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Infographic by Claire Oswald: Healthcare and Poverty

 

1. Share these informational resources on global poverty

 

The website includes information about the goals of the initiative, and includes links to the 17 goals for sustainable development and the millennial goals for 2015 and beyond. There are links to fact sheets and informational videos on topics such as “Empowering Women”.  The bottom of the United Nations home page includes links to issues such as Zero Hunger Challenge and Refugees and Migrants.           

This report includes information about the effects of living in extreme poverty, outlines specific human rights, and lists the obligations of the international community to eliminate extreme poverty.

The website provides statistics describing what poor people think about poverty, illustrations of the poverty line, and graphs and charts illustrating the number of people living in poverty across the world.

The report includes recommendations to reduce prejudice and discrimination of people living in poverty and promote inclusion in the political process.

The website includes resources for developing partnerships, child labor, better working conditions, and improving living standards using local resources and employees.

This report illustrates the health and mental health outcomes for children living in poverty.

 

2. Screen these documentaries on global poverty

 

Poverty, Inc.

This is an excellent documentary describing how “charity” to impoverished countries is more paternalistic and self-serving than helpful. One reviewer, Peter Debruge, commented, “It all comes down to the old “give a man a fish” vs. “teach a man to fish” quandary, wherein donations provide a temporary fix, whereas training and help building connections to the world market could empower a way out.”

 

The True Cost

An excellent documentary describing the environmental, social, and psychological effects of “fast fashion.” A section of the film highlights the experiences of low-wage workers in Bangladesh.

 

Living on One Dollar a Day

This documentary illustrates what it is like to live on a dollar a day in rural Guatemala.

For a list of many other insightful documentaries about poverty, visit the Documentary Addict page.

 

3. Encourage your students to take action against poverty

  • Invite your students to sign a petition to end poverty
  • Provide students with links to volunteer at a local homeless shelter via the Homeless Shelter Directory.
  • Fundraise to provide a loan through Kiva to help someone start their own business.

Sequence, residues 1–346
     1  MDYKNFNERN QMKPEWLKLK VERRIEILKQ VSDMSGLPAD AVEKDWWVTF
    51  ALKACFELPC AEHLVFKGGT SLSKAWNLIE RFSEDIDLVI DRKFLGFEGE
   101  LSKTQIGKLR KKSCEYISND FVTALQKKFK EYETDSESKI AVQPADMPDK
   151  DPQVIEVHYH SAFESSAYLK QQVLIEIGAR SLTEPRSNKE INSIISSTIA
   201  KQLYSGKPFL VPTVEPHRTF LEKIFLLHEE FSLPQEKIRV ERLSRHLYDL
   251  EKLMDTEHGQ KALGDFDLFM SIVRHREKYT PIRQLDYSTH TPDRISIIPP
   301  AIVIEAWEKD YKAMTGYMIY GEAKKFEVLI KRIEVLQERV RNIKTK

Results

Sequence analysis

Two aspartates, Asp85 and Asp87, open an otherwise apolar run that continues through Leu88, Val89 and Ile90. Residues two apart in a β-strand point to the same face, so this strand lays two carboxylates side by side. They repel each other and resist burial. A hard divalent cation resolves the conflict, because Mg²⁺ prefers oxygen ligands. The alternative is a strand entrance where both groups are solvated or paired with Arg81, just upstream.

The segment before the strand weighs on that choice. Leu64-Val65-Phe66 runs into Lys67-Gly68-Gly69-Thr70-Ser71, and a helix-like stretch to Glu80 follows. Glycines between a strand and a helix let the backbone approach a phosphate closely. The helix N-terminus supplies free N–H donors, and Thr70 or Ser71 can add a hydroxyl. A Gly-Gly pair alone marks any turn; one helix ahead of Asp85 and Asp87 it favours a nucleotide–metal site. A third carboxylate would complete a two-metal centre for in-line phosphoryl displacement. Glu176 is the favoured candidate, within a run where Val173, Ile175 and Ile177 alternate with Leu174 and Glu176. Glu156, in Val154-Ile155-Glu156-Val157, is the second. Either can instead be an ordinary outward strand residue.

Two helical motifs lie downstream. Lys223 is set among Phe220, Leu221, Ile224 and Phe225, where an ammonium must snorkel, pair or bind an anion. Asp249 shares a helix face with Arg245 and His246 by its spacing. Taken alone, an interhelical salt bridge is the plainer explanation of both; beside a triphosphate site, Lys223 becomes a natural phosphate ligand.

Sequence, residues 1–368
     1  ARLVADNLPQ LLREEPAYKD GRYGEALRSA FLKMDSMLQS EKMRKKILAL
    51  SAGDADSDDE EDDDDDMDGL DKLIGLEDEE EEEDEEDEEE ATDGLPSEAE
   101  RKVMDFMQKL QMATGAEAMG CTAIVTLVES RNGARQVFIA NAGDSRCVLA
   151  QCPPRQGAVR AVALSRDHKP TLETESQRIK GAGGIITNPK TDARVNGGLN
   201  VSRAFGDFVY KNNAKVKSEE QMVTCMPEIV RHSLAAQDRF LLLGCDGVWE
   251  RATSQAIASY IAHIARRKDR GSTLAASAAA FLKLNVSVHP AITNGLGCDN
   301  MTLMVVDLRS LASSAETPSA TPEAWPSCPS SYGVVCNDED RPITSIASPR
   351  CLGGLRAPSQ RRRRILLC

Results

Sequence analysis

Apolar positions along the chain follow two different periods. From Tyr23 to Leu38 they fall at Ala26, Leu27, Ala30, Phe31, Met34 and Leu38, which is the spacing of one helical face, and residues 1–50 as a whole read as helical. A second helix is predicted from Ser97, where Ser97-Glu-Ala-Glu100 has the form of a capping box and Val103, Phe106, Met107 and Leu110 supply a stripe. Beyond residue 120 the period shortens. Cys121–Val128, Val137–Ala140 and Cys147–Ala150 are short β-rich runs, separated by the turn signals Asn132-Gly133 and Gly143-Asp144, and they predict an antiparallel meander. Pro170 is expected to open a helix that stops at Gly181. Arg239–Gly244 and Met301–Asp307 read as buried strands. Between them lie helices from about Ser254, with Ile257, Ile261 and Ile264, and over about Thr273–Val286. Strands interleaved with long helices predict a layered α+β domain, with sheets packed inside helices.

• Invite students to take action via the Results website, which provides links encourage legislators support policies to end world poverty.
  • Free Rice is an online “game” website that for points scored, rice is donated to feed the hungry.

 

4. Try these activities with your students so they can better understand poverty

  • Encourage your students to try to live on a limited budget by participating in the online challenge at Spent.
  • Spend the day participating in a poverty simulation.

 

5. Assign the following readings to your students

This book focuses on the work of Dr. Paul Farmer whose life calling was to provide healthcare to communities in need in Haiti, Cuba, Peru, and Russia. Dr. Farmer asserts, “The idea that some lives matter less is the root of all that is wrong with the world” and “For me, an area of moral clarity is: you’re in front of someone who’s suffering and you have the tools at your disposal to alleviate that suffering or even eradicate it, and you act.”

For more books about world poverty, visit The Borgen Project.

This paper by Dr. Heather Bullock is sponsored by the National Poverty Center. We encourage you to review the references for additional relevant articles.

This website includes links to resources, readings, and information regarding how to help.

 

Below, Paige Guillory, one of my students, provides a great example of her learning experiences regarding global poverty.

 

A Case of Service and Immersion: Paige Guillory Shares her Experiences

Immersion Trips

Paige has travelled to several different countries with the Spring Hill College International Service and Immersion Program (ISIP) and partners such as International Samaritan, Mustard Seed Communities, Hand in Hand Ministries, and Caribbean Social Immersion Program.

“After being very fortunate to travel internationally to experience global poverty and serve where you can, it is important to return home, tell the stories of those you met, and do what you can to give to those you met or serve your local community in similar ways. After traveling to the Dominican Republic (DR) and meeting Haitian migrant children at a shelter in the DR, our ISIP group returned home to share their stories, raise money for their shelter, and bring awareness to the problems surrounding immigration. We created a website to easily share what we experienced and what we planned to accomplish.”

 

Learning from Local Issues

“As important as it is to serve those in poverty globally, especially in very poor, underdeveloped countries, there is so much local poverty surrounding us that needs immediate attention as well.